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It remains unclear if Beijing will set a target for economic growth this year, having removed it last year under pressure from the coronavirus.

Zhang Liqun, a researcher at the Development Research Centre of China's State Council, said last week that China should go against market expectations and set a target for economic expansion to ensure quality growth.

Yan Se, chief economist for brokerage firm Founder Securities, also expects the government work report to include a GDP growth target for 2021 because its absence could sow confusion among local government officials and private investors about Beijing's intentions.

We need to downplay the GDP growth target ... but it's unrealistic to cancel it completely
Yan Se

"We need to downplay the GDP growth target ... but it's unrealistic to cancel it completely," said Yan.

In January, Ma Jun, a member of the monetary policy committee of the People's Bank of China and its former chief economist, said that China should permanently stop setting annual economic growth targets.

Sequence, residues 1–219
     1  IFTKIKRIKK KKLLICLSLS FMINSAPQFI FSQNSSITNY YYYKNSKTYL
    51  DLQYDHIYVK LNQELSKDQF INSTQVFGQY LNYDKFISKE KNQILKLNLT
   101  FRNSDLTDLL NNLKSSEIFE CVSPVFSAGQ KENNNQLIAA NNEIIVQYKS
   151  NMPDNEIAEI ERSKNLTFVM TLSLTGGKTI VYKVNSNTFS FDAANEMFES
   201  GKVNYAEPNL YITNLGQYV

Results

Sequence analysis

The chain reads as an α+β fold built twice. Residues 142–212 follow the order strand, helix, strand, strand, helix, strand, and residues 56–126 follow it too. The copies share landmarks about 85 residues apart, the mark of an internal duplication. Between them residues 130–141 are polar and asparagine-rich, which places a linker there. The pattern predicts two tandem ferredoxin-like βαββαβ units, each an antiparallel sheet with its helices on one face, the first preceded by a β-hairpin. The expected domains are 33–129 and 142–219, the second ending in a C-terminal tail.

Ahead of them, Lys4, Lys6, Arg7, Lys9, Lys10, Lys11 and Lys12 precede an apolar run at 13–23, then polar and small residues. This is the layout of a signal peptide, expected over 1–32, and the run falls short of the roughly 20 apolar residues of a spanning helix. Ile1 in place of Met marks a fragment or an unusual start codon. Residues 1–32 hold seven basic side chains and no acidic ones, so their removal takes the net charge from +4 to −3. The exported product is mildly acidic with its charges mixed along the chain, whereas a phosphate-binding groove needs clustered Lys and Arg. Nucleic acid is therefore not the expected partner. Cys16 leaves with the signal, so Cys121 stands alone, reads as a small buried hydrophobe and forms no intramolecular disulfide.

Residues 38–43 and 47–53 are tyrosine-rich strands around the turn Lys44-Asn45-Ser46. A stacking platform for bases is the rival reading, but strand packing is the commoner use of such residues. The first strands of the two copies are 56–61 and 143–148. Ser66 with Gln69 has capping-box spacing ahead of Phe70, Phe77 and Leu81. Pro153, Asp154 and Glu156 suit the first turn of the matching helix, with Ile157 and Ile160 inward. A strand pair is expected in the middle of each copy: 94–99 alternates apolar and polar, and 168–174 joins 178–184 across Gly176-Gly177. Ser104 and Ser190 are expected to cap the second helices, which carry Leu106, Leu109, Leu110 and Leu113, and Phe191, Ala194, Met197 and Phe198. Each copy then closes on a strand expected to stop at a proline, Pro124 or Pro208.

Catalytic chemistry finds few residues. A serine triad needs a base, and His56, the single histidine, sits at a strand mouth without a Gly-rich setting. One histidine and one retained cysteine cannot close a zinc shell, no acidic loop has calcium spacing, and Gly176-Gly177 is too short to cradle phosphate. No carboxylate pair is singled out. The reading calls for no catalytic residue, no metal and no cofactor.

Ma warned that by continuing to set GDP targets may worsen the debt risks among local governments, which could increase their already high borrowing levels as they try to meet unrealistic growth goals.

Most of China's 31 provincial-level jurisdictions have already set their own growth targets of at least 6 per cent for 2021, indicating a broad growth rebound this year, helped by a low comparison base for 2020.

In addition to growth, Beijing is likely to highlight tasks such as improving productivity, boosting consumer spending, striving for technological self-sufficiency and steps needed to move towards the goal of carbon neutrality in 2060.

In addition, the report's wording on Hong Kong and Taiwan will be closely watched as Beijing is about to make changes to Hong Kong's electoral system and is considering putting greater pressure on Taiwan, which it regards as a renegade province.

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This article originally appeared on the South China Morning Post (, the leading news media reporting on China and Asia.